There is, to begin with, the different circumstances in which Filipinos arrived in Canada. While many Filipinos saw the United States as the logical destination for providing a better life for themselves and their families, they often “wandered into” Canada by accident, so the rationale for settling in Canada was more oblique and, therefore, less easily co-opted into predictable triumph narratives. To wit, stories of Filipino settlement in Canada are less burdened by ubiquitous abstractions like “the American Dream” and more grounded in the practical particulars of day-to-day survival.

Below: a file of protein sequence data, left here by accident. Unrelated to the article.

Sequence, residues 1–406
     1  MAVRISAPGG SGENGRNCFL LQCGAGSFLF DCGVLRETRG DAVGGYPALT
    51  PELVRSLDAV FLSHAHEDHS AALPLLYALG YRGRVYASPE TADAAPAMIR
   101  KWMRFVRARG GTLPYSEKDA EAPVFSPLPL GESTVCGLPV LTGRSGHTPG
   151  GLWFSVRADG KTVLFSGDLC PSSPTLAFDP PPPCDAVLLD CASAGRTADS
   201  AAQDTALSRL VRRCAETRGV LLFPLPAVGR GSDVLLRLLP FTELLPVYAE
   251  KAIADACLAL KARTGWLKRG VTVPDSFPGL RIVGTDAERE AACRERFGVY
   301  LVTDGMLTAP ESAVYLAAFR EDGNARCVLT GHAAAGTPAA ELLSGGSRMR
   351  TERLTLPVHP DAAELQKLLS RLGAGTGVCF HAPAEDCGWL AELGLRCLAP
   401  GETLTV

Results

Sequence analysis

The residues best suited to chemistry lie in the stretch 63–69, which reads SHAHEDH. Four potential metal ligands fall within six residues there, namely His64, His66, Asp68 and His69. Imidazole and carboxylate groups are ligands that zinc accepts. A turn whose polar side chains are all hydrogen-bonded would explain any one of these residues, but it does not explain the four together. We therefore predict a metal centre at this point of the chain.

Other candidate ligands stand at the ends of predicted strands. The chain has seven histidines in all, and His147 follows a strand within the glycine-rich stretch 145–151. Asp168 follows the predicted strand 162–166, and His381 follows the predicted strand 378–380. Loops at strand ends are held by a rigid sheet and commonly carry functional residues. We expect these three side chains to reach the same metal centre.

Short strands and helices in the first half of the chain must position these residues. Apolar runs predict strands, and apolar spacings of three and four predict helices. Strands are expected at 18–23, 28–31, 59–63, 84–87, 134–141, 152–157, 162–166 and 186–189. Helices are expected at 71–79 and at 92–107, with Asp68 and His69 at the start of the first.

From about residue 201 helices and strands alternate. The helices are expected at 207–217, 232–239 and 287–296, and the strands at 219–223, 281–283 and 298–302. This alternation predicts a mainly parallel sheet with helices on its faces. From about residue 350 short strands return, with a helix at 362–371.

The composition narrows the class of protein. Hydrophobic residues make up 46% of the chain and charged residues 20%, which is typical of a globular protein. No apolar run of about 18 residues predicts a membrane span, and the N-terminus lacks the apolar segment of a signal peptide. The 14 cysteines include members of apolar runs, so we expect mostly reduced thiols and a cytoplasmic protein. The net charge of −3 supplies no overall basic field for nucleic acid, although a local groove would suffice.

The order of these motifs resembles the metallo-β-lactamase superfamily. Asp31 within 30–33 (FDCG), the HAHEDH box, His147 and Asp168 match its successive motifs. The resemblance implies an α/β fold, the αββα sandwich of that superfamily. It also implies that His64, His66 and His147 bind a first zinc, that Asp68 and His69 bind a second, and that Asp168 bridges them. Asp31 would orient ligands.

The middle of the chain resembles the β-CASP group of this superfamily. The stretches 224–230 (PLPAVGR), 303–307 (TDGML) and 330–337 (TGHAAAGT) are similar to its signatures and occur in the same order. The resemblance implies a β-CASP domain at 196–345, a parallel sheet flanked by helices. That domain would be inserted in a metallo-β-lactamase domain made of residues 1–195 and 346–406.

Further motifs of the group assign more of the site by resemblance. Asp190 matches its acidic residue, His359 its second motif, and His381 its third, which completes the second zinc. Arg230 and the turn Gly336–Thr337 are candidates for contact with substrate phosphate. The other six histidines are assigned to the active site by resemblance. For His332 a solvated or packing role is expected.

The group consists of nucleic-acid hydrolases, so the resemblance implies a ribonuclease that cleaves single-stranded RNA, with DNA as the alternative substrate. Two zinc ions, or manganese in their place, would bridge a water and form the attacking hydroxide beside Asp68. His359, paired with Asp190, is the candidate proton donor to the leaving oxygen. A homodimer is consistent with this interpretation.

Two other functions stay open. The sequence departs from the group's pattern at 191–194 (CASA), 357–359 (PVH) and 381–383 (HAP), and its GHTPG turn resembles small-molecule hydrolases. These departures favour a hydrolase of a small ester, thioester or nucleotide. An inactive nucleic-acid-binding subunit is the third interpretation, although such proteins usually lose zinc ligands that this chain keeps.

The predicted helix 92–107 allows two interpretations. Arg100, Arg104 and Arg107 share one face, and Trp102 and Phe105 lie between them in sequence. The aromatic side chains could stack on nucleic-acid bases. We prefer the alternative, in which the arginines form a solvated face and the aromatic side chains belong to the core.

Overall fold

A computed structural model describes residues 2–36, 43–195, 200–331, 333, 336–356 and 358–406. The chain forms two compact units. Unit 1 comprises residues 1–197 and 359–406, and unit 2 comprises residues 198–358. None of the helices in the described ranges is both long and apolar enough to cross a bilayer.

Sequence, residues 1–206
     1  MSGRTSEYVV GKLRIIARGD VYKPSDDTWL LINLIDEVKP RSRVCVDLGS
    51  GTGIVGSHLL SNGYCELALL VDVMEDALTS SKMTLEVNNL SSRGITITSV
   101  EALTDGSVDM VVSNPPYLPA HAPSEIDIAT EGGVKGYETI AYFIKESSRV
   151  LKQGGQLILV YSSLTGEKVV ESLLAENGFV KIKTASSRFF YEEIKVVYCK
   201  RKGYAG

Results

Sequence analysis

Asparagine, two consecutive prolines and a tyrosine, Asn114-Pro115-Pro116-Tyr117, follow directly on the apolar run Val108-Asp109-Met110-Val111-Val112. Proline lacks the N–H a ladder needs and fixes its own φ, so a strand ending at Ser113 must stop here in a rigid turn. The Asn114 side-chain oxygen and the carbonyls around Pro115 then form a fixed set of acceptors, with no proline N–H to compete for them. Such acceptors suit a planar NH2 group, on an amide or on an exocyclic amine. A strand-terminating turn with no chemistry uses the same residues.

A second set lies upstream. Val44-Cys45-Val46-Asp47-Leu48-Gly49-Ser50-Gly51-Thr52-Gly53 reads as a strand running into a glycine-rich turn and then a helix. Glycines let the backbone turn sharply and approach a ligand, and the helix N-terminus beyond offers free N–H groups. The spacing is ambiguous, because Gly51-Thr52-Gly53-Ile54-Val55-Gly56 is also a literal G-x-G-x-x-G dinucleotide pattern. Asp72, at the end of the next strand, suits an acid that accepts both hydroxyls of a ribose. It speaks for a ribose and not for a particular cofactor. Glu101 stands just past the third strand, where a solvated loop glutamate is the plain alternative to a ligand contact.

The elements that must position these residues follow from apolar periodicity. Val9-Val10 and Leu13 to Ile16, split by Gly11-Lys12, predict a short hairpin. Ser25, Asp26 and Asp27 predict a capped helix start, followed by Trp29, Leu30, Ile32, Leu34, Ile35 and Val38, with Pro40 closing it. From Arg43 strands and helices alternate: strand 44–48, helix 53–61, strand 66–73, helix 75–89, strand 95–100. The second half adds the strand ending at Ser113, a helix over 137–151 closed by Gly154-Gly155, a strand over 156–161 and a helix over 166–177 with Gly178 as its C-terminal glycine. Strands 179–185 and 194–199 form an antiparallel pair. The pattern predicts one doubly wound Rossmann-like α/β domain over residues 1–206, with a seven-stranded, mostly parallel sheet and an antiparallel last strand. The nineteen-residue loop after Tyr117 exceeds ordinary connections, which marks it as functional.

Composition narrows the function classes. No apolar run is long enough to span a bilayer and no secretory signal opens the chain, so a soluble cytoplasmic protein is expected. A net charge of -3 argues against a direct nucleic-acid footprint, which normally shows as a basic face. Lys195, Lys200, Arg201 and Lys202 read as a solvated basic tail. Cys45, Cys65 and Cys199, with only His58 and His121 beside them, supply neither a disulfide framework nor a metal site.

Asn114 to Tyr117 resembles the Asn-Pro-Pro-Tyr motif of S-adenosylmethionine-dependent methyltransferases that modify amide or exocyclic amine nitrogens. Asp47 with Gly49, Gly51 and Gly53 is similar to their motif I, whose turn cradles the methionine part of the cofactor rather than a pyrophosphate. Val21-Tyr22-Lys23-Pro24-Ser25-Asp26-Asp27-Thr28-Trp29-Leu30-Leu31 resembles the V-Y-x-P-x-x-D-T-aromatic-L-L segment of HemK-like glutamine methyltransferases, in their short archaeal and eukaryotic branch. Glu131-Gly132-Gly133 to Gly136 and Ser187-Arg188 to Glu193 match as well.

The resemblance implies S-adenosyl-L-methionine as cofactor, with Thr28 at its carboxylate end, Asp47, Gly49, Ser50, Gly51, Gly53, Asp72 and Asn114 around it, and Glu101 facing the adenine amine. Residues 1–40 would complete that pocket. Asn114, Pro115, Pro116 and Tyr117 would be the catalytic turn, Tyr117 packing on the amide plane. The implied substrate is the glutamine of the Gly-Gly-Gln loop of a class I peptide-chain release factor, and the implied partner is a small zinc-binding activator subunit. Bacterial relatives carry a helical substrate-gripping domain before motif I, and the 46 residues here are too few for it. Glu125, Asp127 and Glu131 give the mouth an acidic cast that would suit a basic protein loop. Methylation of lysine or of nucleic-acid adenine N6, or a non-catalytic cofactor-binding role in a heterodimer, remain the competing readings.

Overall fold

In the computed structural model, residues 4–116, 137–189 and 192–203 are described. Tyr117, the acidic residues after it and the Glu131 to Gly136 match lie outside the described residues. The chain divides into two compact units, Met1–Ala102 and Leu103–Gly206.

Part of day-to-day survival are the physical conditions in which people live. For most Filipino immigrants, the most jarring thing about moving to Canada is adjusting to the climate. Much of Canada is buried in snow for six months (or more) of the year. In a stunning stroke of irony, the oldest—and still, by percentage of the population, largest—Filipino community is in Winnipeg, jokingly nicknamed “Winterpeg” because of its extraordinarily harsh and long winters. That a tropical people would be found in significant numbers in such a locale may be fodder for comical narratives but is, more significantly, a testament to this sombre fact: that desperation for a better life has led Filipinos to self-uproot even to climates that are the complete opposite of what they are familiar with.